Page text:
Several speakers also were selected to represent a range of development stages and roles in the technology development ecosystem. The intent was to provide an introduction to some of the resources to support CCUS development and to showcase some promising new technologies that can address CCUS issues in the near future.
Tom McDonald of Mosaic Materials, Richard Adamson of Industrial Climate Solution, and Aref Najafi of Innotech Alberta described various new CCUS technologies and touched on a number of points that set up the following session focused on “costs, benefits, returns, and values” including investment, market demand, supportive policy environments, and cost reductions.
To address the question of “carrots and sticks” for financing CCUS and innovations that would reduce its costs, another panel with Marty Reed of Evok Innovations, Yrjo Koskinen of the University of Calgary, Susan Rohac of BDC, and Waqar Syed of ATB Capital Markets brought a diverse set of perspectives together: sustainable finance, investment funds for early-stage and late-stage technologies, and equity markets, all with experience and focus on the energy and clean-tech sectors.
To wrap up the 3-day workshop, a final panel with Jennifer Winter of the University of Calgary, Drew Leyburne of Natural Resources Canada, Marla Orenstein of the Canada West Foundation, Christine Lazaruk of the Government of Alberta, and Gary Millard of Suncor discussed the implications of the Canadian public policy on CCUS. The overarching topic of discussion was based on how current federal and provincial policies are incentivizing the commercialization of CCUS technologies in Canada.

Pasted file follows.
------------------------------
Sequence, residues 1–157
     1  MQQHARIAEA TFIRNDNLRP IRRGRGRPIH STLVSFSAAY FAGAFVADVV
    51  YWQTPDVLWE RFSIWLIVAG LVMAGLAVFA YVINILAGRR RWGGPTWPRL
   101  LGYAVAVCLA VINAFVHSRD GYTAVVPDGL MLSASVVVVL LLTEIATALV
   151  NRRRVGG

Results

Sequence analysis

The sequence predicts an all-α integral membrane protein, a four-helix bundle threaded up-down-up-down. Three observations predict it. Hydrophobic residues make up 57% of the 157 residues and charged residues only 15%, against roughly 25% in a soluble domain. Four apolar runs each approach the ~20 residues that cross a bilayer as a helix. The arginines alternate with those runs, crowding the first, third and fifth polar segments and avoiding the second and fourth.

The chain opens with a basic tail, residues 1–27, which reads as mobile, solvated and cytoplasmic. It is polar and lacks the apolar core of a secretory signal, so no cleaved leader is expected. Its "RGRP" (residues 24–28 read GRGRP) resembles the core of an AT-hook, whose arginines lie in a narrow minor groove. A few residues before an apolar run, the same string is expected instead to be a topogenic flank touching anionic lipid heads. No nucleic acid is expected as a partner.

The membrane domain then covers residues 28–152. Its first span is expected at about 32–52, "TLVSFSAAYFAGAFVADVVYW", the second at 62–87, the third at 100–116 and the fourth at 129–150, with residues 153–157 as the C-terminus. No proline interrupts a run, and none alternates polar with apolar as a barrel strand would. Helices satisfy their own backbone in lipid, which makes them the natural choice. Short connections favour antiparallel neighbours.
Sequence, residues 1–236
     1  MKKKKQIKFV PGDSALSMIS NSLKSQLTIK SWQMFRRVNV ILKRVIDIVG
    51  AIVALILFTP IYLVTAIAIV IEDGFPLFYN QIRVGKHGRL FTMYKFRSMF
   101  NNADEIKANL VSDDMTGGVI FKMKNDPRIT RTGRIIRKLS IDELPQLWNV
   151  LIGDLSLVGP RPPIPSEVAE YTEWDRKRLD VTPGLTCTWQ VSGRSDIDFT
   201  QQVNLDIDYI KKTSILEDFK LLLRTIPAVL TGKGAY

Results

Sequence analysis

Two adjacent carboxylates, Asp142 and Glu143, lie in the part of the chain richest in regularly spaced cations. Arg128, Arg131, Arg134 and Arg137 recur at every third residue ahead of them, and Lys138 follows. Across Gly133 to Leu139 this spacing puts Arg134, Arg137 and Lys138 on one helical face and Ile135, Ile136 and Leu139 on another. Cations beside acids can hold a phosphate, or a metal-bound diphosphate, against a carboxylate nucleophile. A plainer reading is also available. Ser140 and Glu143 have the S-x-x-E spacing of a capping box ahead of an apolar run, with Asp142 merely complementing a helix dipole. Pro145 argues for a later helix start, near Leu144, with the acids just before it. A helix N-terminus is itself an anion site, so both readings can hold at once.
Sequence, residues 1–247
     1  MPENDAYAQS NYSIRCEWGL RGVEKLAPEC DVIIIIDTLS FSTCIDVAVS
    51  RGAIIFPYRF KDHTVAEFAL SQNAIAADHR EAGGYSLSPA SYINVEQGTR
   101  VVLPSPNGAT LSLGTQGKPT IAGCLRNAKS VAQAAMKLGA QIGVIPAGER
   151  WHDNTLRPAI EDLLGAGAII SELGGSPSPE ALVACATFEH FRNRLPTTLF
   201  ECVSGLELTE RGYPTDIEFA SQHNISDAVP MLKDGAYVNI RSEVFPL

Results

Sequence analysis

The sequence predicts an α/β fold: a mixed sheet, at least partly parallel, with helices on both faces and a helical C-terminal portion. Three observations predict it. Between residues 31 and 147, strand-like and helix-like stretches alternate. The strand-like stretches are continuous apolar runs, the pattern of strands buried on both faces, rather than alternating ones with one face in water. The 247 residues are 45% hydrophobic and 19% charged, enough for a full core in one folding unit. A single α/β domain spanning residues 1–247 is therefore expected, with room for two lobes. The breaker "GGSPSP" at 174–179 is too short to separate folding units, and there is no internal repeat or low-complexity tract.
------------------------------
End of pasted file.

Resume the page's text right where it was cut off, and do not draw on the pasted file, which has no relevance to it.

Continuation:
Closing remarks homed in on the fact that no single policy will be the silver bullet to drive increased CCUS adoption over the next 10 years. Instead, a combination of strategies will be required, including the escalating carbon tax, the clean fuel standard, investable tax credits, and Canada’s commitment to achieving net-zero emissions by 2050. An important next step for increased capital investment in the CCUS space will be certainty on policy and economics so that project evaluations and decisions can be made.
There was notable consensus that now is the time for operating companies to start deploying CCUS and for entrepreneurs and inventors to commercialize innovations for carbon capture. Markets are looking for positive actions, and investors are shunning emitters without abatement plans.
Panelists also sounded a note of caution for CO2 EOR proponents: For the purposes of attracting investment, storage associated with oil production should be de-emphasized. On the other hand, the emergence of a CCS-as-a-service sector could attract a great deal of investment.
The CCUS landscape has already been changing considerably in the months since the 2021 SPE Canada Workshop. The next SPE CCUS workshops are going to be even more interesting, with a focus on energy balances, volume-accounting standards such as the Storage Resources Management System, unitization with MMV, and specific project examples. We are looking forward to seeing you there.
Silviu Livescu, SPE, The University of Texas at Austin
David Langille, SPE, Shell Canada
Jodi Anhorn, SPE, GLJ
Steven Bryant, SPE, University of Calgary
Erin Madro, Cenovus/Evok Innovations
Glen McCrimmon, Alberta Innovates/McCrimmon Innovation Consulting
Don McClatchie, SPE, Computer Modelling Group
Pat McLellan, SPE, McLellan Energy Advisors
Gary Millard, Suncor
Simon O’Brien, Shell Canada
Jim Stirling, SPE, Fleming and Muir
David Van Den Assem, Alberta Innovates
Christine Zarowny-Rooke, SPE, Energy Transfer Canada;
Xin Zhang, SPE, Cenovus